This paper will address the relationship between empowerment of the cultural materials via creation of sacred space. A method that the curators in the MIA found is vital to propose the cross-cultural dialogue. The paper will also present a new role that religious and cultural materials have played in the 21st century in Qatar under a political discourse.
and biography » Mariam Al-Mulla is a PhD Candidate in the School of Fine Art, History of Art and Cultural Studies, at the University of Leeds. Previously she was curator of the National Museum of Qatar
Anna Auguscik (University of Oldenburg)
‘Reading Postsecular Readings: The Sacred in Literary Texts and the Empowerment of the Critic’
Full abstract » In 1995, John A. McClure applied the term of postsecularism as a means of contesting contemporary tendencies “to inscribe postmodernism within a secular history of secularization”. McClure detected a “resurgence of magical, sacred, pre-modern and non- western constructions of reality” and offered a postsecular reading of postmodern American fiction. The term has since gained in usage and strives to position itself next to the established terms of postmodernism and postcolonialism in political, sociological, philosophical and literary debates. A postsecular condition has been noted in newspaper articles, political agendas, philosophical arguments, right wing Christian internet platforms, but also served in literary and cultural analyses.
At the 2008 Postsecular Britain? Religion, Secularity, and Cultural Agency conference in Oldenburg, Graham Huggan stepped into Kwame Anthony Appiah’s footprints in asking “Is the ‘Post’ in Postsecular the ‘Post’ in Postcolonial?”. Huggan carefully analyzed the premises of the postsecular based on a reading of Ananda Abeysekara’s postulate of a Derridean “un- inheriting” of secularism’s normative authority in The Politics of Postsecular Religion: Mourning Secular Futures (2008), and searched contemporary postcolonial novels for relevant postsecular poetics.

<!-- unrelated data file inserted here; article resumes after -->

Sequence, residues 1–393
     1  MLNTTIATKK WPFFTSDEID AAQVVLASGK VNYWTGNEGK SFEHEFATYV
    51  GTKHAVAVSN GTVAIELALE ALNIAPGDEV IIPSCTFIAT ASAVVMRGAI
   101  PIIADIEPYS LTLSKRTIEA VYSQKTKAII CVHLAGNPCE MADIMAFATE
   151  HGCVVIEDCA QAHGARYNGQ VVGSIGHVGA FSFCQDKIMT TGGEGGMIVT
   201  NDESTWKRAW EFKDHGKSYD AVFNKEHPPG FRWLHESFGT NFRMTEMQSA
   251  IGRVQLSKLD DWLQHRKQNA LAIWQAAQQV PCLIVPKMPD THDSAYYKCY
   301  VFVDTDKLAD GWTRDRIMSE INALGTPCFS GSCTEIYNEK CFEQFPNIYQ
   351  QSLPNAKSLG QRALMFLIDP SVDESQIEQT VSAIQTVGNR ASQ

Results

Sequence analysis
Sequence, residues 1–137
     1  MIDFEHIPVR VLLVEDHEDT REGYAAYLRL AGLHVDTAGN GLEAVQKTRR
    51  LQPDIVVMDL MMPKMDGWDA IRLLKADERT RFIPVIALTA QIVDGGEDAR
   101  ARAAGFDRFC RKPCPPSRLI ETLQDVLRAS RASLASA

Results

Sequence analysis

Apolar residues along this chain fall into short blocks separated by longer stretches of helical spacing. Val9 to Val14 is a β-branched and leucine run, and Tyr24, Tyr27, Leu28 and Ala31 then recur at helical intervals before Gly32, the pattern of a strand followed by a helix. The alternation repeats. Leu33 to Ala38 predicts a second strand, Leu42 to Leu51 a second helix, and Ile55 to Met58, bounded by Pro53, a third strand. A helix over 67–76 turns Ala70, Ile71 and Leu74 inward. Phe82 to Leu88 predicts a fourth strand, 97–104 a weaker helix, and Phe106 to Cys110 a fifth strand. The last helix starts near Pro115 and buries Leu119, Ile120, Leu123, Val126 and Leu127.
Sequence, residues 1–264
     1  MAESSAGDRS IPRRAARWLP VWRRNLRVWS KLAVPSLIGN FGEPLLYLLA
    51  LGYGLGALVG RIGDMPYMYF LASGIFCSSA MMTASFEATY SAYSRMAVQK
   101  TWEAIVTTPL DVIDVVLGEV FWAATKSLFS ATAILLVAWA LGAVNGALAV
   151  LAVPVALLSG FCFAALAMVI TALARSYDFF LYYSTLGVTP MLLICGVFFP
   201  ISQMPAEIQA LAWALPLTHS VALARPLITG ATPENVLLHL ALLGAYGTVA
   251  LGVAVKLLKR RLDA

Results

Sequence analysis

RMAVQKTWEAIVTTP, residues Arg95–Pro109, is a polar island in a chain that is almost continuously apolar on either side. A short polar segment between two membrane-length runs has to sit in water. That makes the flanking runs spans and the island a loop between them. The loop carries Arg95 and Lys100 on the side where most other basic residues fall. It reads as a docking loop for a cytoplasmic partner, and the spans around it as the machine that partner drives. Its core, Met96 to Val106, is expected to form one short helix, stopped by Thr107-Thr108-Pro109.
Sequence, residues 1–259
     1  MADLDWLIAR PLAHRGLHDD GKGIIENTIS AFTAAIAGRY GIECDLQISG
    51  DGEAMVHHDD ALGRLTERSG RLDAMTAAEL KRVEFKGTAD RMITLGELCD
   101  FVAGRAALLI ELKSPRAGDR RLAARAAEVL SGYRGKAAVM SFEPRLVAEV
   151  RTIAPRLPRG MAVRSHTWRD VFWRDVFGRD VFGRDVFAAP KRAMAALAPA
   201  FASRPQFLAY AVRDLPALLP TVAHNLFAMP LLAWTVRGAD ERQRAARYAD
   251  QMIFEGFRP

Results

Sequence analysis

Do such readings in general and the usage of the term postsecular in particular point to a revival of religious topics and instances of empowerment through the sacred in literary representations? Or are they in fact empowering critics to read contemporary literary productions with a revived and renewed interest? In my paper, I will address these questions on the basis of a reading of McClure and Huggan’s essays and their respective approaches to the postsecular, ranging from affirmation to scepticism, propagation to playful application. I will explore the perspectives taken by these literary scholars on the debate of postsecularism, their awareness of risk-taking, as well as their ways of appropriation, and challenge some of the assumptions made about the chronology and essentiality of the postsecular debate(s).
and biography » Anna Auguscik studied English, Slavic and Comparative Literature in Munich and Padua, and graduated with a master thesis on “Oscar Wilde as Subject of Contemporary Literature and Film: Representations of an Eccentric Identity”. Since 2006 she has been a research assistant at the Institute of English and American Studies at the University of Oldenburg and has taught seminars on the mapping of postcolonialism, postmodernism and postsecularism, and the contemporary novel in English. She is presently writing her dissertation on the role of literary prizes for literary communication, specifically the Booker Prize, and the waves of public reactions: “Prizing Debate: The Emergence of Problems in the Contemporary Market of Fiction in English”.